6 Ways to Cope With Separation Anxiety

“What would happen if I lose this person?”

Has this thought ever made you lose your mind and panic?
How many of you spend a major chunk of your time worrying about your parents getting old? Anxiety while your spouse is travelling or sending your kid to school for the first time?

Separation anxiety among adults could be elicited when separated from people or articles of immense attachment. It could be your spouse, children, parents, pet, place or anything as small as a toy. One can not let go of that person or thing or place without experiencing extreme anxiety.


  • Triggering event:
    Separation anxiety may kick in as a result of an event that elicited extreme fear in the past. For example, having to see a loved one struggle through a fatal sickness may lead to feeling anxious each time the person is away from us.

  • Poorly dealt childhood separation anxiety:
    Separation anxiety during early childhood is a sign of meeting a developmental milestone. However, this fear does need to be managed with care since, if not dealt with properly, it may get manifested in later stages of life and may grow bigger with time.

  • Family History of Anxiety:
    People with family history of any kind of anxiety are genetically more vulnerable to separation anxiety.

  • Excessive Dependency:
    When we depend too much on someone for any kind of assistance (financial or emotional), we tend to feel unprotected when we think of departing from them. Dependency also stops a person from being self-reliant that may lead to anxiety when kept away from the support system.

  • Adjustment failure:
    Very often we find ourselves struggling with a new place, a new house, or new set of people. It is because we have stepped out of our comfort zone in order to adjust. When are unable to do so, we start missing our old life and start getting clingy towards family members, have anger burst outs and sleepless nights.


  • Behavioural Symptoms:
    • Frequently checking the whereabouts of the loved ones
    • Missing out on work
    • Social withdrawal
    • Ritualistic Behaviour
    • Avoiding leaving home

  • Physical Symptoms:
    • Headaches
    • Nervousness causing frequent urination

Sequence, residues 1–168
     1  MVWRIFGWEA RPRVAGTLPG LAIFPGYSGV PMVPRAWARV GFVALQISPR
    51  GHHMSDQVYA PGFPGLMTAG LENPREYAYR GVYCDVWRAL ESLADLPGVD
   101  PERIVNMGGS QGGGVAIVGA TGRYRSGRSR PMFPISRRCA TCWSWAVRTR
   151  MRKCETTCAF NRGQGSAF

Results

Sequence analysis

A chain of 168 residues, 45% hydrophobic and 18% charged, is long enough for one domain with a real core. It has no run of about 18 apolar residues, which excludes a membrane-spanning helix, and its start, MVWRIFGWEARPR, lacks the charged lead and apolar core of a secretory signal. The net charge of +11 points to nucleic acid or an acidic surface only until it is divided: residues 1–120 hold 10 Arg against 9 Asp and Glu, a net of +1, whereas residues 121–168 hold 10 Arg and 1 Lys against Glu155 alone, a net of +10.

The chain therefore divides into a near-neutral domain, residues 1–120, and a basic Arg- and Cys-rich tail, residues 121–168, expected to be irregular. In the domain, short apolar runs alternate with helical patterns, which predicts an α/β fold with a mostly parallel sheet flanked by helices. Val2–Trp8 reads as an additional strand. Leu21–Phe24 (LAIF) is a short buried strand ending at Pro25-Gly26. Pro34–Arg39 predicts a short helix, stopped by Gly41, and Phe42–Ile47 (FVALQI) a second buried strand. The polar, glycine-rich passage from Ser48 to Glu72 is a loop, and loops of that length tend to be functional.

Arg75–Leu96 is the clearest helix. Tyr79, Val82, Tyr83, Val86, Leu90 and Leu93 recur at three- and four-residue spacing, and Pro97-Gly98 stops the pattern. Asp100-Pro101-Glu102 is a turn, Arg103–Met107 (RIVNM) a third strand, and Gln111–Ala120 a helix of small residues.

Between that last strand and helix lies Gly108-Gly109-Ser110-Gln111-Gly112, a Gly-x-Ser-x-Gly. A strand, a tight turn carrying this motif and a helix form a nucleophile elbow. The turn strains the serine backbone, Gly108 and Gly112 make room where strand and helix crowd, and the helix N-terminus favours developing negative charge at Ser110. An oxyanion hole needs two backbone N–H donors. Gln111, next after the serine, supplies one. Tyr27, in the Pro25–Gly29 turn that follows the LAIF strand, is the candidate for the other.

• Disturbed sleep
    • Change in appetite
    • Nausea

  • Psychological Symptoms:
    • Ritualistic Thinking
    • Concentration problems
    • Guilt
    • Fear
    • Negative anticipations

Ways to cope:

  • Acknowledge your anxiety:
    The first step towards dealing with it is to acknowledge that your emotional receptors are way too sensitive. You are more prone to faulty perceptions that would lead to more anxiety.

  • Stay occupied:
    Avoid sitting alone and doing nothing as it would increase the scope of overthinking. Keep yourself busy with your favourite hobby, watch something good or be with friends.

  • Avoid seeking reassurances:
    When we seek reassurance, again and again, we increase our anxiety each time by wishing it to be not negative. Ask less, believe more!

  • Let go of the guilt:
    Leaving our loved ones for some time may take us on a guilt trip as we think that we are responsible for their well being and they must not be doing fine without you. Tell yourself that it is alright to take time out for other important things as well.

  • Rationalise negative thoughts:
    Whenever a negative thought comes to your mind (“My parents are getting old and would leave me after some years”), give yourself a rational explanation. Ask yourself what makes you feel so? It would help you shift your focus to all the reasons that would prove that your parents are fine and not going anywhere.

  • Seek professional help:
    If it bothers you often or affects your daily functioning, reach out to a counsellor instead of struggling with your thoughts

Seeking help is a sign of courage. Don't let self-limiting beliefs hold you back from a life you deserve. Avail online therapy to become happier and better. Learn how

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